FORT WORTH, Texas — Stephanie Daugherty earns too much from her part-time job at a doctor's office to qualify for Medicaid, but not enough to comfortably afford one of the health plans for sale through the federally-run insurance exchange that Texas and many states use.
So the 26-year-old nursing student and mother paid a $180 tax penalty — 1 percent of her annual income — to spend another year uninsured.
"I just figured it was cheaper than signing up for health insurance," said Daugherty, whose 4-year-old son is covered by Medicaid and who limits doctor visits to an annual exam at a Planned Parenthood clinic.
With Sunday's deadline to enroll through the exchange looming, Daugherty met with an exchange adviser, or navigator, at her Fort Worth community college to see if she might qualify for federal subsidies. She doesn't, but she also learned she may not have had to pay the penalty, after all.
Daugherty and millions of other low-income, working adults who fall into a so-called coverage gap — ineligible for either federal subsidies or Medicaid — may qualify for an exemption to the penalty. In Texas and nearly two dozen other conservative states that chose not to expand their Medicaid coverage under the federal health care overhaul, nonprofit groups and volunteer tax advisers are trying to help people avoid the penalty for not having insurance.
"If the people who can't afford the federal marketplace pay the penalty, that's like being hit twice," said Mimi Garcia, Texas director of Enroll America. Garcia said she advises navigators to make sure that people who can't even afford the marketplace's cheapest plans file for an exemption on their tax returns this year.
Texas has the nation's highest uninsured rate and more residents who fall into the coverage gap than any other state. About a million uninsured low-income working adults in Texas will be exempt from paying the penalty, according to U.S. Department of Health and Human Services Regional Director Marjorie Petty.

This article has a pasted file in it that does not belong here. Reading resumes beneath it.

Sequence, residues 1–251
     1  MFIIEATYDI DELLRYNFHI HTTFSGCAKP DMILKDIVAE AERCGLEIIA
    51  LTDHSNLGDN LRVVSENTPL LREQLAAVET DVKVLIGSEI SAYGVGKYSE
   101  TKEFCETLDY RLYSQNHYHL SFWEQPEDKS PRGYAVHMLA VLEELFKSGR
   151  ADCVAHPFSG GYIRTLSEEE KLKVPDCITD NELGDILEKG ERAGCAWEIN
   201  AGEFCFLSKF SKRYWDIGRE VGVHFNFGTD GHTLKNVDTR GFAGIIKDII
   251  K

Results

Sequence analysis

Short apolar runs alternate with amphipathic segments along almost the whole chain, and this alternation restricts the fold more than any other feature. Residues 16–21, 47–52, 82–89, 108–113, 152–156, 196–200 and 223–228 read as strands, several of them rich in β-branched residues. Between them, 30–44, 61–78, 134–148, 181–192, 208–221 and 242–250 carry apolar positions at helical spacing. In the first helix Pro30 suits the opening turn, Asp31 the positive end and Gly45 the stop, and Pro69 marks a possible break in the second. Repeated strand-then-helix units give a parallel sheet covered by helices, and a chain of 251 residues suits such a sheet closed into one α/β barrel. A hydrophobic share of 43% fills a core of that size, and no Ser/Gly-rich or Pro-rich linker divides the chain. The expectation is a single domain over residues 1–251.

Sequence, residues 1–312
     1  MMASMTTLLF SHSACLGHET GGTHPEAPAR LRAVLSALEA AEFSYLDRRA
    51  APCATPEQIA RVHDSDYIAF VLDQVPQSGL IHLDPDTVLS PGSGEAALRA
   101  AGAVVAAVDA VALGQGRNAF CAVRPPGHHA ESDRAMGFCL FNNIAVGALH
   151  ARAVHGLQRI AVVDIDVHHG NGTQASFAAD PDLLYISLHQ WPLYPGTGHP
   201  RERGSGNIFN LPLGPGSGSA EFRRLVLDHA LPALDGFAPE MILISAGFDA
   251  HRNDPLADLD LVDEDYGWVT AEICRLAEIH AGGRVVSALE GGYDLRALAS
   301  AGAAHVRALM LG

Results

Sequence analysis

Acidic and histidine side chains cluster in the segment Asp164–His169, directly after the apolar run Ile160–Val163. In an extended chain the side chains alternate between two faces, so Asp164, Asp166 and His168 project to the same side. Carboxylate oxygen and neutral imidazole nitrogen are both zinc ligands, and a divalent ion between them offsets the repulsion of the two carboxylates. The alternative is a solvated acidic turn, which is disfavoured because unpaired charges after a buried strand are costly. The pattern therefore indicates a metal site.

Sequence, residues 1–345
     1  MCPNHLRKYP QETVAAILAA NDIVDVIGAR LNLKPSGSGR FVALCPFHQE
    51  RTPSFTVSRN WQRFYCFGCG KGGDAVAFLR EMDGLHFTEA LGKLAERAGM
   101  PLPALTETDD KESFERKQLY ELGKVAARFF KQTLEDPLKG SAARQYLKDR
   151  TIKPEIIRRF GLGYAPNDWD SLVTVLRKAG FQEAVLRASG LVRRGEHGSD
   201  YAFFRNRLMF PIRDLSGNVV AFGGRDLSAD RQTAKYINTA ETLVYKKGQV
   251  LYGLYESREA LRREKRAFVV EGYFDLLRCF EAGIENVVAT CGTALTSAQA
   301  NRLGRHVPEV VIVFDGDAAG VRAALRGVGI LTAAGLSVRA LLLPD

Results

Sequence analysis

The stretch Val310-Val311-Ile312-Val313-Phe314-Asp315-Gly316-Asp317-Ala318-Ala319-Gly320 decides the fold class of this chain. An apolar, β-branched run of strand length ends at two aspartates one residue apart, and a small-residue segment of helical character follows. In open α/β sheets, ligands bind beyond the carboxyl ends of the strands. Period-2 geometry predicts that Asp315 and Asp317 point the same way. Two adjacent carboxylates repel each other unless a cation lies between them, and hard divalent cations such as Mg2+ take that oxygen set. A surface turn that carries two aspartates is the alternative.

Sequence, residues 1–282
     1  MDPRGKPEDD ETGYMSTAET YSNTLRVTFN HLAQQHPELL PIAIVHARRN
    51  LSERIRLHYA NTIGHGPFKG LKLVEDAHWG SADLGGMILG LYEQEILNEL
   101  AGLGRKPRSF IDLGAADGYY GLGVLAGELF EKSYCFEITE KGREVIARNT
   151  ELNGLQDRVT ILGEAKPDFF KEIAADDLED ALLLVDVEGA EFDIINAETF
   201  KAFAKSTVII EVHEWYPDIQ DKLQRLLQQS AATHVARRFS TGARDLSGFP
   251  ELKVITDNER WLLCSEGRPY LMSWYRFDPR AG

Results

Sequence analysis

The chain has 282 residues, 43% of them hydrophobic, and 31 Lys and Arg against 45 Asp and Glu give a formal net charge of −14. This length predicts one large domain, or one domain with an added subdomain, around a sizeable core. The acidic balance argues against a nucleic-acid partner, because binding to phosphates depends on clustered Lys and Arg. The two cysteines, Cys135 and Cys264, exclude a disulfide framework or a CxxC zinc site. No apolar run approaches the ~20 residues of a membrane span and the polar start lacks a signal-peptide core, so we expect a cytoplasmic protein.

Nationally, about 4 million people fall into the coverage gap, according to the Kaiser Foundation.
The hole has become so noticeable that the Internal Revenue Service on Monday issued a form for taxpayers in the 22 states that didn't expand Medicaid to claim an exemption if their household income is equal to or less than 138 percent of the federal poverty level, or about $16,104 for an individual or $32,913 for a four-person household. Undocumented immigrants, prisoners and members of Indian tribes are also exempt.
To make a case for exemption, taxpayers must first apply for coverage through the insurance exchange. Those denied are directed to Medicaid, and if they do not qualify, they must file the tax form.
The Affordable Care Act "was written assuming states were going to expand Medicaid. Now we have a situation where we have some states that did not expand it and their residents are left in this gap," said Cheryl Parcham, the private insurance director of Washington, D.C.-based nonprofit Families USA.
The Supreme Court ruled in 2012 that Congress cannot force states to expand their Medicaid programs.
Jill Hanken, the director of HealthCare.gov enrollment at the Virginia Poverty Law Center, said groups like hers are communicating with volunteer tax preparers in the state to help get the word out that people who fall into the gap may be exempt from the penalty.
"It's a real problem in all the non-expansion states, so we're trying to provide the best information we can," she said.
The penalty will rise to either 2 percent of income or $325, whichever is higher, for individuals this year, and 2.5 percent or $695 in 2016.
The Treasury estimates that between 10 and 20 percent of taxpayers nationwide will file for an exemption from the penalty on their 2014 tax returns.
The exemptions will stay in place as the rollout of the health care law continues, Petty said.
"People going online to try to do this, they're running blind," said Brendan Riley, a navigator in Raleigh, N.C.
Opponents of the health care law are taking a case to the Supreme Court next month that challenges the validity of the law's subsidies in states that have not set up their own insurance markets, which is most of them.
If the court agrees with the plaintiffs, at least 6.5 million people will lose subsidies for their premiums and other costs. Most would drop coverage.